“They’re ordering fewer shows, and there’s a lot of focus on the budget levels of those shows and a little more financial discipline compared to the bake-off streaming wars that we saw leading up to the Covid era,” Beggs said during the company’s quarterly earnings call. “But there’s still a big demand for shows. They need originals. Originals build subs, drive advertising. But the bar is a little higher. They need them to be packaged. They need them to be noisy.”
Beggs put in a plug for Lionsgate’s strategy, saying the shift on the buy-side “really speaks to our strengths of putting together great packages and also delivering on various budget levels and shooting in tax-friendly states and tax-friendly countries and other approaches we’ve pioneered.” The ultimate goal, he said, is “to try to accomplish what everyone needs, which is a premium show at a more reasonable price.”
The exec wrapped up his comments with an aphorism that seemed well-worn but also very apt given the pace of change across the industry. “Selling begins with ‘no,’” Beggs said. “We’ve heard ‘no’ a lot, and we persevere and we find ways to get to ‘yes.’”
Beggs spoke not long after CEO Jon Feltheimer had addressed the TV efforts in scripted remarks at the start of the earnings call. He emphasized the company’s efforts to diversify its TV business and evolve from its roots as the house of Mad Men and Orange is the New Black.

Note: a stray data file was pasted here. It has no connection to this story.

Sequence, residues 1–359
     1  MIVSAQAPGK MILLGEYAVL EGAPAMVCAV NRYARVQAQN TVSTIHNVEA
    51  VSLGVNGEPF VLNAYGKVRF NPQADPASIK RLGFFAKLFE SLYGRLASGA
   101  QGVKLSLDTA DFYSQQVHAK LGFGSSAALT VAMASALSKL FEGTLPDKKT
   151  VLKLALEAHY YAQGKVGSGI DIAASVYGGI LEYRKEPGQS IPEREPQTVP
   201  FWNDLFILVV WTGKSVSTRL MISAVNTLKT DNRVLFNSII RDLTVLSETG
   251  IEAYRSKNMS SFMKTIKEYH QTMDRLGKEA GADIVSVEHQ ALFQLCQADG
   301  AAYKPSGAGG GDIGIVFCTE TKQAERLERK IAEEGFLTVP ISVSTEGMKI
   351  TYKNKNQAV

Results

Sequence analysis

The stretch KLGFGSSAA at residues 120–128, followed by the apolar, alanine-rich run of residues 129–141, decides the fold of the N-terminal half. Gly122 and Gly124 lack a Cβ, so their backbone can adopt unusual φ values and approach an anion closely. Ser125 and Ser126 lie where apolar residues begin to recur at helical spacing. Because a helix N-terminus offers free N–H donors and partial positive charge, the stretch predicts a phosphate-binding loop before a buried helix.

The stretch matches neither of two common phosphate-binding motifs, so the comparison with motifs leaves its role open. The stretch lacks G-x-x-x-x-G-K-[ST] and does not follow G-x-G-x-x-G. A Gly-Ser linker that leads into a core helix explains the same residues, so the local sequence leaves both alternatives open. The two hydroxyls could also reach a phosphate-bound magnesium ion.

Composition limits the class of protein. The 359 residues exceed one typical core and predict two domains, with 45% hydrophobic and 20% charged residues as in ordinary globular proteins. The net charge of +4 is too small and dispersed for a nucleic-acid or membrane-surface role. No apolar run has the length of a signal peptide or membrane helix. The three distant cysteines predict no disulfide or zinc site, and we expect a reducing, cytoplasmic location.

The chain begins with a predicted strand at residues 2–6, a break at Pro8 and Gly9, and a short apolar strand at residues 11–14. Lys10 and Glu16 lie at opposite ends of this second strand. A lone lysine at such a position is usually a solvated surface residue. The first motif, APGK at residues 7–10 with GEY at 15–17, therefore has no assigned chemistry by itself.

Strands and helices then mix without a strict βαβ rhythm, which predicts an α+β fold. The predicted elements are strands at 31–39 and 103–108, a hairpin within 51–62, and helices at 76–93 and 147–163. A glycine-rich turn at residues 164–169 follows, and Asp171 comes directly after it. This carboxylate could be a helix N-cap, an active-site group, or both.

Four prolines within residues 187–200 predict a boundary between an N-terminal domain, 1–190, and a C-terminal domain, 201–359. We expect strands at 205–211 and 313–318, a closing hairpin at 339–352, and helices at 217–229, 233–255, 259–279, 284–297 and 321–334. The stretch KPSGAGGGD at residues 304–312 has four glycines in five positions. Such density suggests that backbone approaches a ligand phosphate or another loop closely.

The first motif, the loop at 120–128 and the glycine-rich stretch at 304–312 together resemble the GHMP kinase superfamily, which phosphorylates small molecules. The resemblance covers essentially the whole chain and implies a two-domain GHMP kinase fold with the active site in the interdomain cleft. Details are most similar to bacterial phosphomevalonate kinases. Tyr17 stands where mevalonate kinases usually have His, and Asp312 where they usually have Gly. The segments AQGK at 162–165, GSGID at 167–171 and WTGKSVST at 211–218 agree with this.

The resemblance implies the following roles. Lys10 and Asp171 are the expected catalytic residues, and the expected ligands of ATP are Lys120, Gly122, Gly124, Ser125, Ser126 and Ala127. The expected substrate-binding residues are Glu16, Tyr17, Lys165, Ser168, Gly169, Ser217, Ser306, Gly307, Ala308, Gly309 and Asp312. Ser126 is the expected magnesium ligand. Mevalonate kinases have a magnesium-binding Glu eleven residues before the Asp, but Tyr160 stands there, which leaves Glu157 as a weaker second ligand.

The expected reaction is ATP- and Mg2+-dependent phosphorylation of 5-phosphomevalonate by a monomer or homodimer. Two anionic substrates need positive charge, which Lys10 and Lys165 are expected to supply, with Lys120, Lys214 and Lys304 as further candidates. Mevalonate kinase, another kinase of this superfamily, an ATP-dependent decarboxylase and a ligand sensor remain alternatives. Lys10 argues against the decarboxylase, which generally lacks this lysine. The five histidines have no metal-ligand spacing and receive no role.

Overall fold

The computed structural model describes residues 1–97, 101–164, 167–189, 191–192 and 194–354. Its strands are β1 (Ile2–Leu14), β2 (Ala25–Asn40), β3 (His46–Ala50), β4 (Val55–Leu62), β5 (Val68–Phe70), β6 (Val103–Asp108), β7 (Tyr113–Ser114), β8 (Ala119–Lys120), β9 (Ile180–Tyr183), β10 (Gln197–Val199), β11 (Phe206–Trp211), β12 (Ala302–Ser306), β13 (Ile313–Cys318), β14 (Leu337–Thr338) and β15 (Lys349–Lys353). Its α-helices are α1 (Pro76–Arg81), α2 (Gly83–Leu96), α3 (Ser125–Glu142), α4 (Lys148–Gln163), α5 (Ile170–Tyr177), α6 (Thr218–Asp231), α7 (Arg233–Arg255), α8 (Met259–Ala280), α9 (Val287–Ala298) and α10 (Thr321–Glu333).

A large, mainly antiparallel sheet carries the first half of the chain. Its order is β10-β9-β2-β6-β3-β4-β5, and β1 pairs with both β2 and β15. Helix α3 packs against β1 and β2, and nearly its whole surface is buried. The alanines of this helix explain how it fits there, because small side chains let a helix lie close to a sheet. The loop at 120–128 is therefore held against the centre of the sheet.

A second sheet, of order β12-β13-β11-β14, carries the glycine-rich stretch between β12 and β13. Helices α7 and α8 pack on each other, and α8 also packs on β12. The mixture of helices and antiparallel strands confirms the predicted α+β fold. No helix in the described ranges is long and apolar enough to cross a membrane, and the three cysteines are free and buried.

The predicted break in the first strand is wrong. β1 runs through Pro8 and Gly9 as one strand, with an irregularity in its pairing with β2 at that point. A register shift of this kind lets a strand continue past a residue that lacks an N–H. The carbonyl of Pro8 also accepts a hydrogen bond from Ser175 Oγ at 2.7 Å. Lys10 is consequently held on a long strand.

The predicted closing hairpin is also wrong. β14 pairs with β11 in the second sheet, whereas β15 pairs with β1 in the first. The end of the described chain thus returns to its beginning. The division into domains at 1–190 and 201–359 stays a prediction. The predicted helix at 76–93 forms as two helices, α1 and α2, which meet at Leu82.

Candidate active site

A decade ago, Feltheimer said, “nearly all of our television profits came from our core premium scripted business. Today, our contributions are spread across scripted, unscripted, talent management, syndication and international productions, enabling us to navigate downturns in any one part of the business and one of the reasons we’re continuing to track toward record Television Group segment profit this year despite the strike and several series cancellations.”
While Lionsgate’s quarterly profit beat Wall Street estimates, revenue sagged as the impact from the strikes hammered the Television Production division.